Amiga A570 CDROM drive review

How do you make an awesome thing better? You add peripherals, that’s right, peripherals.  To wit – The F16 Falcon is great, but when you add a couple of AIM-9 Sidewinder missiles, it becomes awesome.  Fish & Chips are good, but when you add enough chicken salt to dehydrate an adult Rhino they become spectacular. James Matson investigates one of the many  peripherals designed to take the Amiga 500 into awesome territory.

As far as strange business decisions go, Commodore was always capable of making the highlight reel. The Amiga A570 CDROM attachment was certainly right up there, for more than one reason. The A570 was compatible with the Amiga 500 and only the Amiga 500, a model of Amiga that was discontinued by the release of the external CDROM drive.  The base Amiga that was being sold at the time – the Amiga 600 – went without ever having a similar device released for it (in fact the 600 has the impressive reputation as one of the least expandable legacy Amiga models available).  The fact that an Amiga 500 with an A570 attached was also functionally identical to Commodore’s other CD based platform – the multi-media CDTV – and could run all CDTV software without issue hurt sales and confused the user community to no end.

So why talk about it then? Why are we even here? Because that which failed at retail release often makes a fine and interesting retro collectible and the A570 is no exception.


If you have an Amiga 500 and have the chance to grab an A570 (uncommon though they are) then do so. It’s a cheap way to get into some great CDTV software and games like the CDTV release of Xenon, a game possessed of some of the most rocking soundtrack music ever. That’s right, ever.

The A570 simply bolts directly into the side of your Amiga 500 via the Zorro II expansion port on the left side of the Amiga, zero configuration required – true plug-and-play! Once connected you’ll have yourself a genuine single speed CD-ROM with mode 1 access speed of 153KB/sec and a mode 2 speed of 171KB/sec and supporting both audio CDs and ISO-9660 formats.


With the A570 attached, your humble A500 will boot to the CDTV animated logo screen. This goes a long way to reinforcing the fact that the Amiga 500 with CDROM attached is a functional CDTV (minus the remote and black painted exterior). We’re willing to admit straight up that this is freaking awesome to see on screen. What Amiga fan doesn’t have memories of seeing this logo on CDTV systems advertised in Amiga magazines and thinking how awesome it would be to own one!? These days with the prohibitive price and scarcity of working CDTV systems (expect to easily pay AUD500+) this is the closest many of us will ever come!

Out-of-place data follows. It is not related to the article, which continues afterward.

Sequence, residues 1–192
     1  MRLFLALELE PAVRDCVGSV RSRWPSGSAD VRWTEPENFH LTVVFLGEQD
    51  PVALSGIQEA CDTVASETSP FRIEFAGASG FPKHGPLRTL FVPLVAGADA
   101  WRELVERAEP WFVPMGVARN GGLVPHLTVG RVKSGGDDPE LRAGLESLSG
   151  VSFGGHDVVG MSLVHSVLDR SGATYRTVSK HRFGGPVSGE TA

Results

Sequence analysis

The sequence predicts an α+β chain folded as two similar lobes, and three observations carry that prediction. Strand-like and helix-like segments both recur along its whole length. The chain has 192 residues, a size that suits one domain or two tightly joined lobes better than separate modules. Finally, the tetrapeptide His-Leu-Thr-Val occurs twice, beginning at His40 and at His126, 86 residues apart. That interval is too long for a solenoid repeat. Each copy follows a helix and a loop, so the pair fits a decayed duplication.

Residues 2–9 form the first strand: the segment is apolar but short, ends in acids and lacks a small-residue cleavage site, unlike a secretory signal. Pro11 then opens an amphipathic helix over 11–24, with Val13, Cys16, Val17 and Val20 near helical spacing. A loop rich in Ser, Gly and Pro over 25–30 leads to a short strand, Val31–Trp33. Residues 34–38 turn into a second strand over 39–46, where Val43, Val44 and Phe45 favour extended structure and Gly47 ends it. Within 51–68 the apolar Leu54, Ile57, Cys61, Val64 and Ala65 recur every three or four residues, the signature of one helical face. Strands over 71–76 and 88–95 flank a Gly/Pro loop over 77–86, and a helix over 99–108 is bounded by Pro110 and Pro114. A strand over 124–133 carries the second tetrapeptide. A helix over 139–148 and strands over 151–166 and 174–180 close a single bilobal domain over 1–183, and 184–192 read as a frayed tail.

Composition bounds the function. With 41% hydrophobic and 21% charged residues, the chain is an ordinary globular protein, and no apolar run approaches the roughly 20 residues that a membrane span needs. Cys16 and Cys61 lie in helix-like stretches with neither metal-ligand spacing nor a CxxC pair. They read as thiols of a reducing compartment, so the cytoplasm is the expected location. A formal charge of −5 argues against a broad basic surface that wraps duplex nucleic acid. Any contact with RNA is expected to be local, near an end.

So what does owning an A570 give you access to? While there were a few commercial releases that took advantage of the CD format (in particular the CDTV library) one of the biggest draw cards is the excellent range of PD (Public Domain) stuff available, the best of which are the Assassin’s Ultimate Games CD compilations.  Each disc is packed with 600 MB of public domain games and programs for the Amiga (some made in AMOS, some not) providing hours of entertainment available from easy to navigate menus. Highly recommended if you end up with an A570. Perhaps the most interesting possible use of the A570 however, is as a launchpad to play images of disk based games off CD (giving you access to a wealth of Amiga goodness).  We’ve put our best Retro Domination scientists to work investigating whether or not this is possible, but if people have already figured out how to create bootable compilations of Amiga disk games for CD32 machines surely A570 compatible collections are well within reach?

There are a few downsides to the A570 design. First up, it needs its own power supply to run, and not just any PSU, but the lovable Amiga ‘brick’. The exact same brick in fact, as the Amiga 500 itself. While this means you have to run both power supplies to keep an Amiga and A570 running, if you happen to find a CDROM drive without a power supply and have a spare A500 PSU, you can use that to power it.  The other downside, is the devices use of CDROM caddys.


“CDROM what now?” I hear you say. Believe it or not, in the early days of CD ROM media, some devices required that you put your CD into a plastic caddy before inserting it into the drive. Pain in the arse? Hell yes. Capable of driving you to madness when you can’t find a caddy anywhere? You better believe it. This is a painful consideration when you’re looking at purchasing an A570 drive, because if it doesn’t come with at least one caddy at purchase, you’re only going to be frustrated when you get it home and can’t use it straight away.



So there are some limitations and quirks to owning or seeking out an A570, but hopefully we’ve still given some people out there the urge to find one, and begin chasing down some ISO images of CDTV software to play around with (then going through what will no doubt be the arduous task of finding the right media settings for burning said images to CD. If we figure out a good media/settings combination, we’ll be sure to let you know on our Facebook page!)